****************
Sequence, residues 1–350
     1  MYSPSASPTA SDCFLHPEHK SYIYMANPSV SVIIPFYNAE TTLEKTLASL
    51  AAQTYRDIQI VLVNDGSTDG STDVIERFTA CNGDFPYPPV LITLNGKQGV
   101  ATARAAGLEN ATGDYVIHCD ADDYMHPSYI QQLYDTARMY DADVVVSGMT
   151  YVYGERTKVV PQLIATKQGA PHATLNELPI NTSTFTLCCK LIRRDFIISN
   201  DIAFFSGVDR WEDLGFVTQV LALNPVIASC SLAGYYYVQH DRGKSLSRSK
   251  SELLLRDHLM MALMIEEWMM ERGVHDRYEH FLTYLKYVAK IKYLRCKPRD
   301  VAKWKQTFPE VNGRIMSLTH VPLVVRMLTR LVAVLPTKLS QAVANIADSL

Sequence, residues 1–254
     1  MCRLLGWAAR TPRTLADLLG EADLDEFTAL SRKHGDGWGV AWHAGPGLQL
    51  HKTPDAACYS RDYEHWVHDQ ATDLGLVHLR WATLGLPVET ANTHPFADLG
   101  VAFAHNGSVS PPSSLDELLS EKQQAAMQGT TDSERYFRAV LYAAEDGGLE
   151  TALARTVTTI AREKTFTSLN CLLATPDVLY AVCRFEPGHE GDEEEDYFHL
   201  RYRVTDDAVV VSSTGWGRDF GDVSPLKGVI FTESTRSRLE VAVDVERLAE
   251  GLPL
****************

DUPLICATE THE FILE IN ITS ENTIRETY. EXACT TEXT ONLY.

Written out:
Sequence, residues 1–350
     1  MYSPSASPTA SDCFLHPEHK SYIYMANPSV SVIIPFYNAE TTLEKTLASL
    51  AAQTYRDIQI VLVNDGSTDG STDVIERFTA CNGDFPYPPV LITLNGKQGV
   101  ATARAAGLEN ATGDYVIHCD ADDYMHPSYI QQLYDTARMY DADVVVSGMT
   151  YVYGERTKVV PQLIATKQGA PHATLNELPI NTSTFTLCCK LIRRDFIISN
   201  DIAFFSGVDR WEDLGFVTQV LALNPVIASC SLAGYYYVQH DRGKSLSRSK
   251  SELLLRDHLM MALMIEEWMM ERGVHDRYEH FLTYLKYVAK IKYLRCKPRD
   301  VAKWKQTFPE VNGRIMSLTH VPLVVRMLTR LVAVLPTKLS QAVANIADSL

Sequence, residues 1–254
     1  MCRLLGWAAR TPRTLADLLG EADLDEFTAL SRKHGDGWGV AWHAGPGLQL
    51  HKTPDAACYS RDYEHWVHDQ ATDLGLVHLR WATLGLPVET ANTHPFADLG
   101  VAFAHNGSVS PPSSLDELLS EKQQAAMQGT TDSERYFRAV LYAAEDGGLE
   151  TALARTVTTI AREKTFTSLN CLLATPDVLY AVCRFEPGHE GDEEEDYFHL
   201  RYRVTDDAVV VSSTGWGRDF GDVSPLKGVI FTESTRSRLE VAVDVERLAE
   251  GLPL